Empowering communities: Naloxone’s role in tackling opioid overdoses in Idaho

As an emergency response tool, naloxone puts the power to save a life in everyone’s hands, writes guest columnist Courtney Boyce.

November 8, 2023 4:05 am
a package of NARCAN (Naloxone) nasal spray sits on the counter at a Walgreens pharmacy

In this photo illustration, a package of Narcan, a brand name for a device that delivers naloxone, nasal spray sits on the counter at a Walgreens pharmacy on Aug. 9, 2017, in New York City. (Drew Angerer/Getty Images)

Idaho, like many other states across the United States, is grappling with the devastating consequences of the opioid epidemic.

This public health crisis has led to an alarming increase in opioid-related overdoses and emergency room visits, impacting individuals across their life span. Idaho data from 2022 indicates there were 381 deaths related to drug overdose, 70.8 % of those (270) were opioid overdoses. 

This epidemic is not confined to urban centers; it affects rural and suburban communities across the state. Opioid overdose deaths in Idaho have surged over the past decade, underscoring the urgency of implementing effective strategies to combat this crisis. In the face of this growing problem, one crucial solution has emerged: naloxone, a medication that can reverse opioid overdose, save lives, and can be administered by anyone.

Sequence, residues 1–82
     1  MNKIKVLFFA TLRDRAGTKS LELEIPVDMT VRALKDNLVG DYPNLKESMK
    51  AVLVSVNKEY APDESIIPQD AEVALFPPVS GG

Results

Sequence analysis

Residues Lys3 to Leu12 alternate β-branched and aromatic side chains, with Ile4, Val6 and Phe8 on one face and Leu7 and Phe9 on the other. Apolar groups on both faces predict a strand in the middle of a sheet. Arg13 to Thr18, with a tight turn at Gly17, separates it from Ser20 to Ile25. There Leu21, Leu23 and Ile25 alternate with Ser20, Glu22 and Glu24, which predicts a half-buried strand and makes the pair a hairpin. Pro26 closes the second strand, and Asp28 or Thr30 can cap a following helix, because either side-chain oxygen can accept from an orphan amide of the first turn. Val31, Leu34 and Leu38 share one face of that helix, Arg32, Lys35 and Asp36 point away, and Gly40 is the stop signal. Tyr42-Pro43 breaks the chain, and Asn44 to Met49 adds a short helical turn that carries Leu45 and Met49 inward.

The role of naloxone in reversing overdoses

When someone takes opioids, such as illicit substances or prescription opioids, these substances attach to opioid receptors in the brain. This attachment can slow down breathing, and in the event of a life-threatening overdose, it may cause breathing to cease completely.

Naloxone works by displacing and preventing opioids from binding to the receptors for a brief period. As a result, naloxone reverses the signs and symptoms of an overdose, most critically restoring the individual’s ability to breathe independently.